Re: Fitting a Cylinder to 3D data points

• To: mathgroup at smc.vnet.net
• Subject: [mg47949] Re: [mg47679] Fitting a Cylinder to 3D data points
• From: Daniel Lichtblau <danl at wolfram.com>
• Date: Sun, 2 May 2004 04:50:45 -0400 (EDT)
• References: <200404210923.FAA02477@smc.vnet.net>
• Sender: owner-wri-mathgroup at wolfram.com

```Nicolas Flannery wrote:
> I am trying to write a Mathematica algorithm that will allow me to
> find a cylinder or center line and radius that will best fit a set
> of 3D coordinates.  These coordinates are in an arbitrary coordinate
> system and may describe a cylinder in any orientation.  One approach
> I think would work would be to find a line that is equidistant from
> each point in the list, however I need assistance in doing this.  The
> points do have some noise so an optimization method is necessary.  Thanks
>
> Nick

Apologies for the delayed response. I had a draft that covers this but I
wanted to complete it before posting. Not so simple because I set it
down three years ago and found it hard to recall what exactly I was
thinking at that time. I'm still not thrilled with the last subsections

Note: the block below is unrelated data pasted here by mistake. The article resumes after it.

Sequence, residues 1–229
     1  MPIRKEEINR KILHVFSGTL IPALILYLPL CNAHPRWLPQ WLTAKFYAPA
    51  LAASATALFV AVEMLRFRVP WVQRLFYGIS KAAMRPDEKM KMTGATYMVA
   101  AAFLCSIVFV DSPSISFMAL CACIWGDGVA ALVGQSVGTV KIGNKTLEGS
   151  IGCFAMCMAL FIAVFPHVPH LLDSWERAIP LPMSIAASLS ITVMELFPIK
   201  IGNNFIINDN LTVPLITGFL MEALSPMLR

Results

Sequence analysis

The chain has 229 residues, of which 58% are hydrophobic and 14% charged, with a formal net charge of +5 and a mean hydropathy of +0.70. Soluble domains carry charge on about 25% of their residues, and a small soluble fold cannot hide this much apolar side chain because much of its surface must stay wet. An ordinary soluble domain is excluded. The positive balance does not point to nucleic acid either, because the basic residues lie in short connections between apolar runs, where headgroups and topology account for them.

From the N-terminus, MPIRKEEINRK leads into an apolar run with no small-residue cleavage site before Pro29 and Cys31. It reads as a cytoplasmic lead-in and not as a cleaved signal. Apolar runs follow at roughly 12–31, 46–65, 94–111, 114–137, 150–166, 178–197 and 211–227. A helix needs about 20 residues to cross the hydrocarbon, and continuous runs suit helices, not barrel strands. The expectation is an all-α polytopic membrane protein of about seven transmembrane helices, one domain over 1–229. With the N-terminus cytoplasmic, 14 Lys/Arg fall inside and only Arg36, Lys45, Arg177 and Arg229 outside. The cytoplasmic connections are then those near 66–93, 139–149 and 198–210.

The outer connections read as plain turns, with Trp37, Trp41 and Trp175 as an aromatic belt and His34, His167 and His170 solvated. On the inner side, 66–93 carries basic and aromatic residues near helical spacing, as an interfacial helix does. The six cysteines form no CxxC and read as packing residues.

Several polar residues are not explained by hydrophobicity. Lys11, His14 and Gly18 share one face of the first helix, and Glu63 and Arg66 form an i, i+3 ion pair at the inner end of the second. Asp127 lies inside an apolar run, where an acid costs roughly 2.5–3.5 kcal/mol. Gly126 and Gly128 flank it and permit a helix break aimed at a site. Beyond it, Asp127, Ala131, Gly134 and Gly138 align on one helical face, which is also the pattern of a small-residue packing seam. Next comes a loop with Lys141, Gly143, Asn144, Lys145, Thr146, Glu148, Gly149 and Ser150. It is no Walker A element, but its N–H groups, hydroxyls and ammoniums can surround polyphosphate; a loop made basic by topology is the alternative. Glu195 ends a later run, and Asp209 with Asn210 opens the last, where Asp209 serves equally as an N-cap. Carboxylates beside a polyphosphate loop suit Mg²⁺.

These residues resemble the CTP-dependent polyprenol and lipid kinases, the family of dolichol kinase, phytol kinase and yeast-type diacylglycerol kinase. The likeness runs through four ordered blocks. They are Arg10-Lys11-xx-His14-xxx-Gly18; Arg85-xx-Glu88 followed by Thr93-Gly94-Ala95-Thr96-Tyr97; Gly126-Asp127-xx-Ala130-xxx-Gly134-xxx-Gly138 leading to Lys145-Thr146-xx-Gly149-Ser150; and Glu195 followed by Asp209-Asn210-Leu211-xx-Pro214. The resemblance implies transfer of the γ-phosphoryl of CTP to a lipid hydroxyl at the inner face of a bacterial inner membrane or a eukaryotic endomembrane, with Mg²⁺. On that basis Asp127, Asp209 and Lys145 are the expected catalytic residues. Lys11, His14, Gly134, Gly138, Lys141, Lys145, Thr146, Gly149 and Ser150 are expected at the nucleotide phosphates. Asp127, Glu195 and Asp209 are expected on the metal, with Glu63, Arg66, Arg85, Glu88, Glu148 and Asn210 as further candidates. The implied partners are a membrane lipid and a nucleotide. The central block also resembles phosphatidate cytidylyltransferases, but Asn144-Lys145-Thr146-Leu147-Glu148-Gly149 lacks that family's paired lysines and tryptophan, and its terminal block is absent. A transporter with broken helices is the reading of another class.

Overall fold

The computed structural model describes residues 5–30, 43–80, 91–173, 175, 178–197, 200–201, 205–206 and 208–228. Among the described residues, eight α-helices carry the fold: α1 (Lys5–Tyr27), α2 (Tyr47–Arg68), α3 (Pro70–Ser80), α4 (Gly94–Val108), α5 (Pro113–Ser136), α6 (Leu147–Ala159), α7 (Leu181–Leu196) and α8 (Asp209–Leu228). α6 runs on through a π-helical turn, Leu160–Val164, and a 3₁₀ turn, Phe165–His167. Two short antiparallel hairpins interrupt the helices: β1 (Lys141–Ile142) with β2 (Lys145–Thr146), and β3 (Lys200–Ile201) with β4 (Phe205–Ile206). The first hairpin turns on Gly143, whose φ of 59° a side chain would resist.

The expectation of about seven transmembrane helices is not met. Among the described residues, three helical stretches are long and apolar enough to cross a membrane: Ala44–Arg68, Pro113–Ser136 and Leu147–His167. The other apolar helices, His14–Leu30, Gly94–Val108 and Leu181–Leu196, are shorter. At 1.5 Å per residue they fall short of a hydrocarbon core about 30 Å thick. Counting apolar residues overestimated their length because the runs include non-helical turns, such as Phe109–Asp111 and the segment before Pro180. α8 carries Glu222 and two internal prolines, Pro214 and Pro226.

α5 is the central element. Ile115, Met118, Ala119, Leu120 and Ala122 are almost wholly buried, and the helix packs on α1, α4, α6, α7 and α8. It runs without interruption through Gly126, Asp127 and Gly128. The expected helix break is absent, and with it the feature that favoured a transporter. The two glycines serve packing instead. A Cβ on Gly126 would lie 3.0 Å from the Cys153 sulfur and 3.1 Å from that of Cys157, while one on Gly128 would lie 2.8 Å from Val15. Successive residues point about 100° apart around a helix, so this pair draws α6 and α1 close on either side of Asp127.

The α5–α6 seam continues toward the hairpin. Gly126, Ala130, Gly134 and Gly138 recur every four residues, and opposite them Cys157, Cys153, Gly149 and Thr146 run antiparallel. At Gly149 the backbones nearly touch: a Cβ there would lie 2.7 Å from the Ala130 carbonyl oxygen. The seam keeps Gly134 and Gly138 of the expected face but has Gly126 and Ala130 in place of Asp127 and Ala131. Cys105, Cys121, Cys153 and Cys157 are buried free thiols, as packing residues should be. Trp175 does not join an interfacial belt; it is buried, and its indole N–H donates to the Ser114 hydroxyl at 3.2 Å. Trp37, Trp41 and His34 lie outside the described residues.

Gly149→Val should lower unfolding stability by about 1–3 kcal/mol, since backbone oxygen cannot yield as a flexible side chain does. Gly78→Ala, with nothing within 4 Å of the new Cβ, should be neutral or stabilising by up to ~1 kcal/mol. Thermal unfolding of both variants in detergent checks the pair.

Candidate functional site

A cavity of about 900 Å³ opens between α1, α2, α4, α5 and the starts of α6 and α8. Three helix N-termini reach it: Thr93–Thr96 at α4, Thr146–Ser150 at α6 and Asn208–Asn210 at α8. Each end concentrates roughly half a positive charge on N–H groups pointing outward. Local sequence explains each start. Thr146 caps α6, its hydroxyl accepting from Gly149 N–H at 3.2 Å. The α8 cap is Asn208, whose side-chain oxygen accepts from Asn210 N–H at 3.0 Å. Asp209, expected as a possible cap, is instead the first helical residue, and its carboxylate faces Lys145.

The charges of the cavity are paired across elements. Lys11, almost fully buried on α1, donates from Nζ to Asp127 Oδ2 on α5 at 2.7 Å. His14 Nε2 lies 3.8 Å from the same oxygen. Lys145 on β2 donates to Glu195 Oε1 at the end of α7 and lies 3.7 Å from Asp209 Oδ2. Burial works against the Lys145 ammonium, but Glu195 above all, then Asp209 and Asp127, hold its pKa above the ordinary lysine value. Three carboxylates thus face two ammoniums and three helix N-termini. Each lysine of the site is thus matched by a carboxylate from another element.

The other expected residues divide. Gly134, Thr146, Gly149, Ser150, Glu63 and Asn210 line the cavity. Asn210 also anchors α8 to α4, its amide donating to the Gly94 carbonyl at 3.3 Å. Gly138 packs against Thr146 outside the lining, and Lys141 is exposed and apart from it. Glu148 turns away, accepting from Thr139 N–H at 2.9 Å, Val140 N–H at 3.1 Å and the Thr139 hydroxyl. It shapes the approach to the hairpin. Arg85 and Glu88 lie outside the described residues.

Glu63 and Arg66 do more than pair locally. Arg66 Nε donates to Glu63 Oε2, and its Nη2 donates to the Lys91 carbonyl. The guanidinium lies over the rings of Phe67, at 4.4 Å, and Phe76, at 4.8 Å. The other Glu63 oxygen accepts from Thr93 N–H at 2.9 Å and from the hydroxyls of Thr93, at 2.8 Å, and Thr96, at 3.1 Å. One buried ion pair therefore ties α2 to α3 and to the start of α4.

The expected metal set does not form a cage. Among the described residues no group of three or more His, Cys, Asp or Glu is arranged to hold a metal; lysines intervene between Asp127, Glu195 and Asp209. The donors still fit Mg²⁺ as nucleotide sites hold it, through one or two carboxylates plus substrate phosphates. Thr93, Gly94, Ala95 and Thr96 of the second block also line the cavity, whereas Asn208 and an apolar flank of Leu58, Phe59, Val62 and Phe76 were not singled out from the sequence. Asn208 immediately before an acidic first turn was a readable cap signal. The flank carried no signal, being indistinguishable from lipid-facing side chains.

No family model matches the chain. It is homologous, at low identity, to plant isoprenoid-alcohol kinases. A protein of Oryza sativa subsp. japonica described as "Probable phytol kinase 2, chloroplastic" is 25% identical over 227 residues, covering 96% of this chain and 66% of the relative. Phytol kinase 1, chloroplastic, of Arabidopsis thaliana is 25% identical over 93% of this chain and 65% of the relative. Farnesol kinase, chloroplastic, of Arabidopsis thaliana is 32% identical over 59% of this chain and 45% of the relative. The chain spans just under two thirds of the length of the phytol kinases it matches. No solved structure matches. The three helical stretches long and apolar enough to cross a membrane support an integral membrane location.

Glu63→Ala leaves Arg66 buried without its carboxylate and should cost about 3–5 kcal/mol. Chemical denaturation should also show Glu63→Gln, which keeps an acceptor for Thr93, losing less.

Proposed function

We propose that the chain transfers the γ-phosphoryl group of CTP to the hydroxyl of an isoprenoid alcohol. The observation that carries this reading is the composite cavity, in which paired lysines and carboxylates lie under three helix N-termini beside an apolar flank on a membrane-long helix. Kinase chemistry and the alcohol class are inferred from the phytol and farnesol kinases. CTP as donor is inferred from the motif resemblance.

involving theory, but that's life.

The basic idea for what you want to do first involves finding all
cylinders through five of the points; this is the magic number for which
there are generically finitely many. Next we take the coordinates that
define the most promising one, and use them as start values for a least
squares minimization involving all the other points. Details (including
Mathematica code) may be found in:

D.L. (2004). Cylinders through five points in R^3.

The relevant code for computing center-line/radius of cylinders through
five points is in section 2, and handling the overdetermined case from
there is a subsection of section 3.

I put a copy of the notebook (around 500 Kb) at

By the way, if you have in mind an application for this, I'd be